In this book, Hella Eckardt offers new insights into literacy in the Roman world by examining the tools that enabled writing, such as inkwells, styli and tablets. Literacy was an important skill in the ancient world and power could be and often was, exercised through texts. Eckardt explores how writing equipment shaped practices such as posture and handwriting and her careful analysis of burial data shows considerable numbers of women and children interred with writing equipment, notably inkwells, in an effort to display status as well as age and gender. The volume offers a comprehensive review of recent approaches to literacy during Roman antiquity and adds a distinctive material turn to our understanding of this crucial skill and the embodied practices of its use. At the heart of this study lies the nature of the relationship between the material culture of writing and socio-cultural identities in the Roman period.Read more
- Provides a material dimension to our understanding of ancient literacy that will appeal to both archaeologists and classicists; undergraduates will also find this a suitable introduction to the topic
- Offers a comprehensive review of recent approaches to literacy in Classics
- Gives readers a contextual discussion of writing equipment in Roman burials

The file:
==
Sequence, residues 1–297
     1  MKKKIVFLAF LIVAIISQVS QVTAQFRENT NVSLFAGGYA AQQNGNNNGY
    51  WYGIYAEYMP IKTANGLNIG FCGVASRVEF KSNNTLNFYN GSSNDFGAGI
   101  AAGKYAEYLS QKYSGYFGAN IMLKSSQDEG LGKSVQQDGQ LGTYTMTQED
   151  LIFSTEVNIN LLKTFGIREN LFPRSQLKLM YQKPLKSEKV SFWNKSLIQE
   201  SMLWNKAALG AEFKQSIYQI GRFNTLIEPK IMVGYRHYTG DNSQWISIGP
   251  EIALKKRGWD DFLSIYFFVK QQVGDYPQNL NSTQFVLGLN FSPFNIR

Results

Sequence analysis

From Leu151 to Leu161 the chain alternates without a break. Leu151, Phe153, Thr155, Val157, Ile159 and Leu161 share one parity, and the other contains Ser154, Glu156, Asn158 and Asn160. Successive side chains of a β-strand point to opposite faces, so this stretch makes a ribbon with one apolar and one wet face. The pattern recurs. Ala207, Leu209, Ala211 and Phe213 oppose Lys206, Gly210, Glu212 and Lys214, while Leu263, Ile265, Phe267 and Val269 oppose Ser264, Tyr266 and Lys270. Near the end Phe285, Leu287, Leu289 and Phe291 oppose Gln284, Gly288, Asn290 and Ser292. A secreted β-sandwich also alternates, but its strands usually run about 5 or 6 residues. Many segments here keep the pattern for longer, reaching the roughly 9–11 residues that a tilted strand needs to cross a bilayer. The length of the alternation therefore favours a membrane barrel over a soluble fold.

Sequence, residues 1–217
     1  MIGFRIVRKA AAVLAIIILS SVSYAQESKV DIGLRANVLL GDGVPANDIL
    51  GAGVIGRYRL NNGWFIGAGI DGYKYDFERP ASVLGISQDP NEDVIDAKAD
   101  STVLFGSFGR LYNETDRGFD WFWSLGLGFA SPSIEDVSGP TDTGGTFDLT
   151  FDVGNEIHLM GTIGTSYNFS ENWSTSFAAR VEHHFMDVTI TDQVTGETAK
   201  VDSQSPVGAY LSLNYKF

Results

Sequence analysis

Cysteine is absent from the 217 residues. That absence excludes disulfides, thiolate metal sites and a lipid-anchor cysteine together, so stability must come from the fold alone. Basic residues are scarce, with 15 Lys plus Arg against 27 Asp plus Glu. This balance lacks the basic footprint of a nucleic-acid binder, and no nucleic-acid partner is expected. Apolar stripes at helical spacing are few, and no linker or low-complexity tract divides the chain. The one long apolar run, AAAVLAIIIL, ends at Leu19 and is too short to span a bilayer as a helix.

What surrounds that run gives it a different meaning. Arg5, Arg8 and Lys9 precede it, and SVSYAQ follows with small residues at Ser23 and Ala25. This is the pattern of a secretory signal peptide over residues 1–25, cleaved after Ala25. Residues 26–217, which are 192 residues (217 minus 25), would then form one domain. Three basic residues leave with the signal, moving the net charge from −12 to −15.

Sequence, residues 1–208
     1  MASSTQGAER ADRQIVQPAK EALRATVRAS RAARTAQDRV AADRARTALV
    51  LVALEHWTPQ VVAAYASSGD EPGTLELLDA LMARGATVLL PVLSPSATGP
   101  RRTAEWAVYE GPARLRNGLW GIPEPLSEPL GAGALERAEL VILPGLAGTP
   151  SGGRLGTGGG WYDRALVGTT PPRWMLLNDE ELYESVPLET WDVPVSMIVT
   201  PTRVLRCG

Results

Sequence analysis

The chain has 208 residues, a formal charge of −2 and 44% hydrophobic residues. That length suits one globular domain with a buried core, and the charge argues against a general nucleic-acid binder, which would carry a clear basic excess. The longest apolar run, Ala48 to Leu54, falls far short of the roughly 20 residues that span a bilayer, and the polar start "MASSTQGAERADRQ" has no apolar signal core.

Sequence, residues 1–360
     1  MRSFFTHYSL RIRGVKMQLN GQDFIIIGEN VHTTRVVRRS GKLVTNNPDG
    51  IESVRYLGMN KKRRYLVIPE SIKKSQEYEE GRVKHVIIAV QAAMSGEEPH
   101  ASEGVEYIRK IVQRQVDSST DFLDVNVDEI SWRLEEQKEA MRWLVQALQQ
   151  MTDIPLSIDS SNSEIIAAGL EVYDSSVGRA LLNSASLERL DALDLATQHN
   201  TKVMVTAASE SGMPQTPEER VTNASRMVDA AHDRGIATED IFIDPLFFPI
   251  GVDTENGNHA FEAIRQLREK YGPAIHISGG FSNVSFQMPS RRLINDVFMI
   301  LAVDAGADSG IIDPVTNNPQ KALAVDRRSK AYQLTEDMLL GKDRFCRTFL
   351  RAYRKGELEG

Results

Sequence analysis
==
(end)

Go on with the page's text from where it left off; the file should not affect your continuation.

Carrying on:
- Includes a summary and discussion of all forms of writing equipment
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- Date Published: October 2017
- format: Hardback
- isbn: 9781108418058
- length: 282 pages
- dimensions: 260 x 188 x 18 mm
- weight: 0.8kg
- contains: 69 b/w illus. 13 colour illus. 10 tables
- availability: Available
Table of Contents
Part I. Understanding Literacies, Material Culture and Practice in the Roman World:
1. Introduction: literacies, power and identities
2. The practicalities of literacy: writing implements in the Roman world
3. Literacy as technology and practice
Part II. A Case Study:
4. Materials and production
5. Metal inkwells in the Roman Empire
6. A practice turn: thinking about inkwell use
7. The spatial and social distribution of inkwells
Part III. Writing Equipment in Funerary Contexts and the Expression of Identities:
8. Literacy as performance: self-presentation of the educated elite?
9. Literacy and the life course: gender
10. Literacy and the life course: age
11. Literacy, the body and elite identities: writing and status
12. Conclusion: writing Empire through material culture.
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